Without further ado, the library stack!
|Frog says Hi!|
1. Isaac Asimov - Robot Dreams
Robot Dreams collects 21 of Isaac Asimov's short stories spanning the body of his fiction from the 1940s to the 1980s - exploring not only the future of technology, but the future of humanity's maturity and growth.
I really liked I, Robot, so I've decided to continue reading Asimov's Robot and Foundation series. And it even counts for my Classics Club challenge!
2. Agatha Christie - The Mysterious Affair at Styles
The famous case that launched the career of Hercule Poirot. When a wealthy heiress is murdered, Poirot steps out of retirement to find the killer. As the master detective makes his way through the list of suspects, he finds the solution in an elaborately planned scheme almost impossible to believe.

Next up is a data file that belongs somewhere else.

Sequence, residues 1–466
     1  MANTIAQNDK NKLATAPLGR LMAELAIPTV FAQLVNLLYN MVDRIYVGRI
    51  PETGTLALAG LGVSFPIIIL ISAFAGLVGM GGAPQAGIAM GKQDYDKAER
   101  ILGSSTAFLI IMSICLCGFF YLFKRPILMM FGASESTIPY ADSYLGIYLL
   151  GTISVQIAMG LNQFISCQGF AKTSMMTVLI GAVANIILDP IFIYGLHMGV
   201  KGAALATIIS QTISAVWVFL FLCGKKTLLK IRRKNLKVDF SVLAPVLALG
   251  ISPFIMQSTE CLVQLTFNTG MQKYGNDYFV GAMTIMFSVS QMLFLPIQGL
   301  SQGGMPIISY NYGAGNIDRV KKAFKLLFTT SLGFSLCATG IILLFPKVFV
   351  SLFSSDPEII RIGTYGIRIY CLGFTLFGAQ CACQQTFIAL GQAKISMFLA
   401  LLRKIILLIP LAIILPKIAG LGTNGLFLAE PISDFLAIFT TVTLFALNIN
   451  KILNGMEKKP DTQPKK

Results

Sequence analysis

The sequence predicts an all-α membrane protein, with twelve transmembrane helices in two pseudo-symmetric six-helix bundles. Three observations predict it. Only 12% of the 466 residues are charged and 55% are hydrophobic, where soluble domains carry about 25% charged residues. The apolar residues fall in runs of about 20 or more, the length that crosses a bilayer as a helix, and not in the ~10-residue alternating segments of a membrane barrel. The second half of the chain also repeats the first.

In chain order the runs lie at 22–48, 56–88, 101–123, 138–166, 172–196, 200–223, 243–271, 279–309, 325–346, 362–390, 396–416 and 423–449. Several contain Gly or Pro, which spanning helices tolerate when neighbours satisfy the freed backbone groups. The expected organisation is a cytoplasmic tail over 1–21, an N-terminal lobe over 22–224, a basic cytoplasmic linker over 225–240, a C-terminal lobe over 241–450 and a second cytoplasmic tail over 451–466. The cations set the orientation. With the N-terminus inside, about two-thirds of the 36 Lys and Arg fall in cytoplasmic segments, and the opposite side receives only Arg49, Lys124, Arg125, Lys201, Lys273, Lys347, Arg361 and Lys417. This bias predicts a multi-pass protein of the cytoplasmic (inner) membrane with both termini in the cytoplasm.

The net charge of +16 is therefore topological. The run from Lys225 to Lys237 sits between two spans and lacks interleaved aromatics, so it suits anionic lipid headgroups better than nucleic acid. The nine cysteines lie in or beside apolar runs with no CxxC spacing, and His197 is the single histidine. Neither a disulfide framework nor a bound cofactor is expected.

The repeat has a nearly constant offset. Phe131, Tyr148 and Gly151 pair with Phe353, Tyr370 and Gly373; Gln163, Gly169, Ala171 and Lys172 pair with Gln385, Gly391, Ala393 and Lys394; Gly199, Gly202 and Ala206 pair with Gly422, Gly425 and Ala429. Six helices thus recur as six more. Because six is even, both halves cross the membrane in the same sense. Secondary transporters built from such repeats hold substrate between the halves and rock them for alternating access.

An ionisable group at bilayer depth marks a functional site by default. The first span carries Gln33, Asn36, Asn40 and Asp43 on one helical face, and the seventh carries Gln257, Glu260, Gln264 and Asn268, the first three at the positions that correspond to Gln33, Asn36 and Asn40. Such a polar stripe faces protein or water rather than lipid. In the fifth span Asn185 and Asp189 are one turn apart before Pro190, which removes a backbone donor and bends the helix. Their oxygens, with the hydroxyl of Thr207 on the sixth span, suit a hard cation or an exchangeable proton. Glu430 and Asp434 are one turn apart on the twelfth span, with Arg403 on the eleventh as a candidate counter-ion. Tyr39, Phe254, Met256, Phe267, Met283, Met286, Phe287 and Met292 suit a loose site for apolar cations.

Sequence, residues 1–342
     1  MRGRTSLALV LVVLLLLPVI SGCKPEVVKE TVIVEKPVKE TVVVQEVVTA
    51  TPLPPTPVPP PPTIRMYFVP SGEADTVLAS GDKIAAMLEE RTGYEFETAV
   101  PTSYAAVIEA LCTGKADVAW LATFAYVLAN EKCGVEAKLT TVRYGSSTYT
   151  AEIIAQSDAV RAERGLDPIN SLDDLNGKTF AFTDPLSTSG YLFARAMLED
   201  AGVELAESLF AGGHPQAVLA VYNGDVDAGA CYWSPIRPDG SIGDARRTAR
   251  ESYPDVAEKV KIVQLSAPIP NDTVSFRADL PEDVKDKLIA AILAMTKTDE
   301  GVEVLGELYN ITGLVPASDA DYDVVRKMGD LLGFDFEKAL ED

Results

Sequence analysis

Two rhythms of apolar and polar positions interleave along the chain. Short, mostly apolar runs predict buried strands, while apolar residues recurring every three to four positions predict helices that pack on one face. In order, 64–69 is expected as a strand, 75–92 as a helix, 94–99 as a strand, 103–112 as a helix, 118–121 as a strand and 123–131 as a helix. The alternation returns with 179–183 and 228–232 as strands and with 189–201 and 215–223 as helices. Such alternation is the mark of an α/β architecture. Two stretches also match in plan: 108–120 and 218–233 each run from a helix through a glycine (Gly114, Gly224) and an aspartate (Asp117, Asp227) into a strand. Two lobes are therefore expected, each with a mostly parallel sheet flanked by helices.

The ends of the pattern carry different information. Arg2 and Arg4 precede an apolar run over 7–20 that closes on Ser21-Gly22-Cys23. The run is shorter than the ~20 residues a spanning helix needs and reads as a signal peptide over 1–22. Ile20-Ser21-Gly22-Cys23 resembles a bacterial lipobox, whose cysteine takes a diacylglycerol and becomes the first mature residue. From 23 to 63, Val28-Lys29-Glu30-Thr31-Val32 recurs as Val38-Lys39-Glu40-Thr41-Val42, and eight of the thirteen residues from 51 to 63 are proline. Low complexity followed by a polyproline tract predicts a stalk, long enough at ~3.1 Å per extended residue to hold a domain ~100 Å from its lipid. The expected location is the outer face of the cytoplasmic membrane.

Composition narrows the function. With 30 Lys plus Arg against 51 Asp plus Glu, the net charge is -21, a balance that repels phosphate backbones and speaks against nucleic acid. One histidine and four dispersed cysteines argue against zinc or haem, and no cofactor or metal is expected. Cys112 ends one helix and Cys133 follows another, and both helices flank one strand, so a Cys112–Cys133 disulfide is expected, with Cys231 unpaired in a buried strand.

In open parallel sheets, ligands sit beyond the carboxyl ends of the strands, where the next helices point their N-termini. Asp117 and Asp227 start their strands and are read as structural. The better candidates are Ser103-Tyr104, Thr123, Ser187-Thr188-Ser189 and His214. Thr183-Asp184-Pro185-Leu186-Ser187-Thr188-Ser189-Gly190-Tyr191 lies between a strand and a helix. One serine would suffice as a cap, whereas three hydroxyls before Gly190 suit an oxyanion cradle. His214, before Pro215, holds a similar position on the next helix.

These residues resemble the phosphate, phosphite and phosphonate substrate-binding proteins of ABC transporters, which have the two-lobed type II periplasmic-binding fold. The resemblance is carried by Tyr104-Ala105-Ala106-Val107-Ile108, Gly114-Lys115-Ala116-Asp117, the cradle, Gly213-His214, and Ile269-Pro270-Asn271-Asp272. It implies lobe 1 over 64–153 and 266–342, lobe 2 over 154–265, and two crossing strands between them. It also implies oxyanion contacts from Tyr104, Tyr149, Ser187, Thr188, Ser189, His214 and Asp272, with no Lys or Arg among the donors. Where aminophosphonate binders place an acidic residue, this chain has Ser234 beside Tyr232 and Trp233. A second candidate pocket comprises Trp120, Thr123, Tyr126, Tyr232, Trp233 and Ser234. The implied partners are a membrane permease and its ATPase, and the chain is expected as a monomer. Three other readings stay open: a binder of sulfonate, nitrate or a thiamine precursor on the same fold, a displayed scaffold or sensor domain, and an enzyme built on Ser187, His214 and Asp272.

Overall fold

I've never ever read anything written by Agatha Christie. I know, I know. I'm willing to fix it.
3. Katherine Paterson - Bridge to Terabithia
Who doesn't know this children classic? Well, me, that's who. This book didn't find me when I was a kid, but better late than never.
4. Ransom Riggs - Miss Peregrine's Home for Peculiar Children
A horrific family tragedy sends sixteen-year-old Jacob to a remote island off Wales, to the crumbling ruins of Miss Peregrine's Home for Peculiar Children, where he finds unusual old photographs. The children, one his grandfather, were more than peculiar, perhaps dangerous, quarantined for good reason - and maybe still alive.
The title intrigued me, then I heard about the photographs and the weird air and put it on my wishlist. Now I'm a little wary because it isn't really popular among my GR friends, or the GR community at large.
Now that the Nobel Prize has been awarded, I'm regretting not having taken home something by Alice Munro. Too Much Happiness sounds right up my alley. Next time. By the way, if you are willing to read something by the recent Nobel laureate, you might want to start here.